It’s hard to believe, but there once was life before the Internet. It was a simpler age where you found out that your dad was into pegging via walking in on him with mom rather than just being startled by an uncleared search history. Simpler days, indeed.
A gaggle of Redditors were in the mood today to wax nostalgic about the little joys/inconveniences/quirks that were commonplace before The Internet™ got its tentacles around everything. Launched with a simple “what do you miss about life before the Internet?” by thread starter UltraCyborgWarrior69, the responses came with speed and gusto. As a public service, we’ve wrangled some of the more popular bits of reminiscing below.
Going through life without worrying about somebody taking a video of you and positing it for everybody to see.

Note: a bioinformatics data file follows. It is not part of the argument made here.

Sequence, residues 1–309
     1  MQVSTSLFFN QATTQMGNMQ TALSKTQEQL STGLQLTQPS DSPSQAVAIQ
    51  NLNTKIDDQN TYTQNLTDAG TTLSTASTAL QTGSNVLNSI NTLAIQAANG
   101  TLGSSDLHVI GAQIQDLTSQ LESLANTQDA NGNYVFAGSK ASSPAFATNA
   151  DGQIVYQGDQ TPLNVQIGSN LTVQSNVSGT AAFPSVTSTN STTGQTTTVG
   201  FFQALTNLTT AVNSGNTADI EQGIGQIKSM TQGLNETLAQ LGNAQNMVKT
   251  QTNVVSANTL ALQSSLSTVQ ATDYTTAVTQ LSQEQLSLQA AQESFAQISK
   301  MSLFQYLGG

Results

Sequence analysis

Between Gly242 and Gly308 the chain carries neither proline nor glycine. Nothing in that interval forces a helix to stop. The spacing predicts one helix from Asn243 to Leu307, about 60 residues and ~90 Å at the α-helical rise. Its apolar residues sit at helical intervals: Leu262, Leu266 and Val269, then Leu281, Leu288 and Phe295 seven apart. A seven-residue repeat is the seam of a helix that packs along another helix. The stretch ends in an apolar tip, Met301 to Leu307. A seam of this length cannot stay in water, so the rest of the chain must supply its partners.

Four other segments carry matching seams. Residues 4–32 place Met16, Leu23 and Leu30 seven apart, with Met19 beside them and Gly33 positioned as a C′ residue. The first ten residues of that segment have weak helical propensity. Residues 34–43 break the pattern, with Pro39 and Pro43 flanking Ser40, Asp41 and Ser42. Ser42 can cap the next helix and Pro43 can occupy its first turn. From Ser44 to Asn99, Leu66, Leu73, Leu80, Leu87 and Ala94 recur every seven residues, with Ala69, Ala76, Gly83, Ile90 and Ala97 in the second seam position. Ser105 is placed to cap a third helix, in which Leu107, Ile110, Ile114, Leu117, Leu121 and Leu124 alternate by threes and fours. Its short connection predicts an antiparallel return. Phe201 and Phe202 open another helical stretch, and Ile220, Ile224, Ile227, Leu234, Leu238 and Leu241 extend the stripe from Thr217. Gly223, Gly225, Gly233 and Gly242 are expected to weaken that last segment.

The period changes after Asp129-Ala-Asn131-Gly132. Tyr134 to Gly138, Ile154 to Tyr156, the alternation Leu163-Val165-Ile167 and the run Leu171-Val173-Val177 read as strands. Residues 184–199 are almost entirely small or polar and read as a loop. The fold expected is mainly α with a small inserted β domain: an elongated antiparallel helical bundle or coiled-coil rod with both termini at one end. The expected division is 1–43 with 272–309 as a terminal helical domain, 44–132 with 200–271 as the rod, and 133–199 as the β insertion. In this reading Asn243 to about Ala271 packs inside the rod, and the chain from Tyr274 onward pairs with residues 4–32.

There was a lot lessFOMO (fear of missing out)
Nowadays you see going places and having fun all publicly shown out to the world, and you’re just thinking damn, I wish I was out having fun and there’s that horrible empty feeling inside of you. Whereas before, you’d be just as content with yourself regardless of whether you went to that party or whatever. The mere knowledge that you weren’t there creates this extra space filled with despair that makes you feel kinda sh*t
Τhe feeling of being unreachable. Εspecially as a kid, I would go off on adventures wіth my friends and I didn’t have а tracking device basically attached tо me.
There was always a moment of hope and optimism when the mailman arrived. Perhaps it would be a letter from an old friend. A package of photographs. An old lover reaching out to you. A missive from a family member on some great adventure.
I can’t remember the last time I gave a damn when I hear the mail slot open. If i ordered something on Amazon, perhaps. That’s not the same.
Mind you, here’s the most important one.
Being completely exhausted of ideas before succumbing to phoning the Nintendo hotline….
The nostalgic should take a gander and anyone born after 1995 should just shake their head in pure bafflement.